No full-time person has been hired by the department since the early 1990s, he asserts.
The worst part is that no one in the higher echelons of the IBA respects what the English team is doing. “At this point, we’re led to believe that we’re parasites,” says Ze’ev.
“We are hanging by a thread” he declares, explaining that three out of the four do not live in Jerusalem. They all work two shifts, both early morning and late night. If they are doing late night and then early morning, it doesn’t pay to go home, but the IBA does not provide them with a hotel room. They either sleep in the studio or stay with friends.
There are days that he doesn’t even know why he is doing what he is doing in an environment in which he and his colleagues are so underappreciated.
Among his interviewers over the past week were MK Ahmad Tibi, talking about the Temple Mount, Yigal Henkin, the brother of Eitam Henkin who together with his wife, Naama, was murdered by terrorists, and settler leaders who are camped around the corner from the Prime Minister’s Residence.
Ze’ev tries to the best of his ability to be up to date and to present both sides of any story.
It’s not always easy when you have a deadline, limited air time, and you have to write news and anchor as well.
The IBA has never made any effort to publicize the English News, so Ze’ev and his colleagues have no idea whether anyone is listening or not, or even whether people are aware of the existence of the English-language news service.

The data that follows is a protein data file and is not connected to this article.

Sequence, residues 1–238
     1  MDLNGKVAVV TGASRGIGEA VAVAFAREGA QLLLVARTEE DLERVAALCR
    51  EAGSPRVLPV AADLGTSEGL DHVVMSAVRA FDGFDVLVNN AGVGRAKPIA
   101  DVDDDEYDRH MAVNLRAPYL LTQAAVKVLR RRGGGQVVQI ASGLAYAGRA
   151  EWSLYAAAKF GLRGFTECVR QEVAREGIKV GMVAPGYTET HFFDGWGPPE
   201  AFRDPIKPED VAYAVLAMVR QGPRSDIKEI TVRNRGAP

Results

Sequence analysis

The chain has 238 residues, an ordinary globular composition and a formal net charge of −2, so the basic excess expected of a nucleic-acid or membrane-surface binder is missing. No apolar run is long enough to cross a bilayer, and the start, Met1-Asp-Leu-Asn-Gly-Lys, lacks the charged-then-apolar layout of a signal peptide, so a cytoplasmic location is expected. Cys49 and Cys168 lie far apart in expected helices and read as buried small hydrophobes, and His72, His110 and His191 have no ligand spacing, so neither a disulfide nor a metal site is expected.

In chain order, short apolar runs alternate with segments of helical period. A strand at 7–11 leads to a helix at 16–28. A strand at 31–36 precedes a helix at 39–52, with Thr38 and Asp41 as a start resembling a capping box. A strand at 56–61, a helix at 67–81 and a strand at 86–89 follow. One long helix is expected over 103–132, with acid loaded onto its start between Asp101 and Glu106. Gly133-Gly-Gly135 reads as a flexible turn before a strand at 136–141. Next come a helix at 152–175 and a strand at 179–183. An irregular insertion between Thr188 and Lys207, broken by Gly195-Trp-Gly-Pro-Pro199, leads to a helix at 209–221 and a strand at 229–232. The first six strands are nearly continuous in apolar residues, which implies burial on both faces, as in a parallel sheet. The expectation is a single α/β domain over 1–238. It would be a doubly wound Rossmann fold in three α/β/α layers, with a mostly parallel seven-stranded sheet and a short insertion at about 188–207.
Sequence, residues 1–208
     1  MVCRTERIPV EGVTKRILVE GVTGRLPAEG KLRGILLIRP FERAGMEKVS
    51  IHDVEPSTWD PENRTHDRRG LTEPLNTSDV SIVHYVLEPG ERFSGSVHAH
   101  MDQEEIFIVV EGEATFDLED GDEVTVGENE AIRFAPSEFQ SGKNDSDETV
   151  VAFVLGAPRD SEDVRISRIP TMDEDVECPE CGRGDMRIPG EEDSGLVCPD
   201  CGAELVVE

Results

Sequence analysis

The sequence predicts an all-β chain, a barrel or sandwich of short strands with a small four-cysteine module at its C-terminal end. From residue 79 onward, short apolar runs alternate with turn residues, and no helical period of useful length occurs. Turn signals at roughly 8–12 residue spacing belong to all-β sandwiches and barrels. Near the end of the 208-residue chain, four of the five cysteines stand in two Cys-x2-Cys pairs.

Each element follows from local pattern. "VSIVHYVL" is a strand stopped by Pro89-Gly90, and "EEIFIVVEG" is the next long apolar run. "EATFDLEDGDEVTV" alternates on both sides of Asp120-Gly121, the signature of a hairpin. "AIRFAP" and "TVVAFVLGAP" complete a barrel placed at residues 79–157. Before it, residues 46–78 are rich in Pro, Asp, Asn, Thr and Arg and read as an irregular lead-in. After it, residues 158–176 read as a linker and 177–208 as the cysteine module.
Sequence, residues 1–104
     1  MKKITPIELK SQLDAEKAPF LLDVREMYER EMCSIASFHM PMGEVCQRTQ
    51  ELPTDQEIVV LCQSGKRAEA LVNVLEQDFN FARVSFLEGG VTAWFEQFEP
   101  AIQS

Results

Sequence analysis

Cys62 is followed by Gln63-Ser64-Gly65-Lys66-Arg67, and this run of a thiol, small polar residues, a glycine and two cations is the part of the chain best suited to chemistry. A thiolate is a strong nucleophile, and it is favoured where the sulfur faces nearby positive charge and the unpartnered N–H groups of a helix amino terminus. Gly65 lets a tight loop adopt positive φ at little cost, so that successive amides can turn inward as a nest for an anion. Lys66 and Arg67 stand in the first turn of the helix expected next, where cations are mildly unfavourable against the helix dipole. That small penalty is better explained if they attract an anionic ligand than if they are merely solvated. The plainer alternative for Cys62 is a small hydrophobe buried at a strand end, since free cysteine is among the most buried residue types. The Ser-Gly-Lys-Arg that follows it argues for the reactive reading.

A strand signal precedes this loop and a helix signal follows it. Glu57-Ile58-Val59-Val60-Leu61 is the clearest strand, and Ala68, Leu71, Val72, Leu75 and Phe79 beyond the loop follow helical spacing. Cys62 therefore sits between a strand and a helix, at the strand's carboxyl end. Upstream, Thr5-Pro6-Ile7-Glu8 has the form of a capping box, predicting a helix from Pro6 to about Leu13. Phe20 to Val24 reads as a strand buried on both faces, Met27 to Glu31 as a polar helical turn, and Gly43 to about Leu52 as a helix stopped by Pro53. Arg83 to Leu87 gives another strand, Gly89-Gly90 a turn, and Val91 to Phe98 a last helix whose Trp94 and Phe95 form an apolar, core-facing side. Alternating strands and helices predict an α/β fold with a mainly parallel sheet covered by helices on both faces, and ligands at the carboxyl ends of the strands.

None of the four has been told whether there will be broadcasts in English in the yet-to-be-established successor to the IBA, which is in the process of liquidation. This is causing all four to give serious thought to their best financial options. Should they stay in the hope that they will be part of the new entity or should they leave now with whatever financial package is being offered? Ze’ev is angry over the misreporting in the print media over how much money IBA employees are allegedly earning.
He concedes that there may be a few people on very high salaries, but overall salaries are barely above the basic wage and pensions. The extras that crept into salaries over the years are not calculated into the pension, and were introduced as compensation for the low salaries, according to Ze’ev.
Despite the nightmare conditions under which he works, Ze’ev loves radio as a communications medium, and would be prepared to last out the duration if he were shown a concrete plan for English news and feature radio broadcasts in the new public broadcasting entity and was given a concrete guarantee of future employment.
“We’re still working as if nothing is happening around us. It’s been an emotional hell!” says Ze’ev. “We are a public radio service, not government radio, and we get the feeling that from the prime minister down, no one wants us around. We feel like a sinking ship trying to do our job and the government doesn’t care. I don’t want the government to intervene, but I don’t want them to destroy us.”